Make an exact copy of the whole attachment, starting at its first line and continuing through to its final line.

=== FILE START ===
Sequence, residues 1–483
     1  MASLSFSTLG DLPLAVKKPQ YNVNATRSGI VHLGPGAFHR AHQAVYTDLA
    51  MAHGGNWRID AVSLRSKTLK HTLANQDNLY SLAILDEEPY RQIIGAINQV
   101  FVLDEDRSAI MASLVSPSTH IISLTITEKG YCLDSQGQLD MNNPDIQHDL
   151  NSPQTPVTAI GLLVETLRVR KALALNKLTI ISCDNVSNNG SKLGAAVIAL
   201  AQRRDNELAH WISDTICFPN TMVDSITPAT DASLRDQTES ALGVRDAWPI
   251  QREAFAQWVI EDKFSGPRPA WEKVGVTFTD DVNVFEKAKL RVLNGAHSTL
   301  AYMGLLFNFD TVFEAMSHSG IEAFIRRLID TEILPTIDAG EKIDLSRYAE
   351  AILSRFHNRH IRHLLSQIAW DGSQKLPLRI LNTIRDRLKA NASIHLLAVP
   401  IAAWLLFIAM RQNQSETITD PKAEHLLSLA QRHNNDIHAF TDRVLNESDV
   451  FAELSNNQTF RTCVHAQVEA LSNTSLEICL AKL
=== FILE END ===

Sequence, residues 1–483
     1  MASLSFSTLG DLPLAVKKPQ YNVNATRSGI VHLGPGAFHR AHQAVYTDLA
    51  MAHGGNWRID AVSLRSKTLK HTLANQDNLY SLAILDEEPY RQIIGAINQV
   101  FVLDEDRSAI MASLVSPSTH IISLTITEKG YCLDSQGQLD MNNPDIQHDL
   151  NSPQTPVTAI GLLVETLRVR KALALNKLTI ISCDNVSNNG SKLGAAVIAL
   201  AQRRDNELAH WISDTICFPN TMVDSITPAT DASLRDQTES ALGVRDAWPI
   251  QREAFAQWVI EDKFSGPRPA WEKVGVTFTD DVNVFEKAKL RVLNGAHSTL
   301  AYMGLLFNFD TVFEAMSHSG IEAFIRRLID TEILPTIDAG EKIDLSRYAE
   351  AILSRFHNRH IRHLLSQIAW DGSQKLPLRI LNTIRDRLKA NASIHLLAVP
   401  IAAWLLFIAM RQNQSETITD PKAEHLLSLA QRHNNDIHAF TDRVLNESDV
   451  FAELSNNQTF RTCVHAQVEA LSNTSLEICL AKL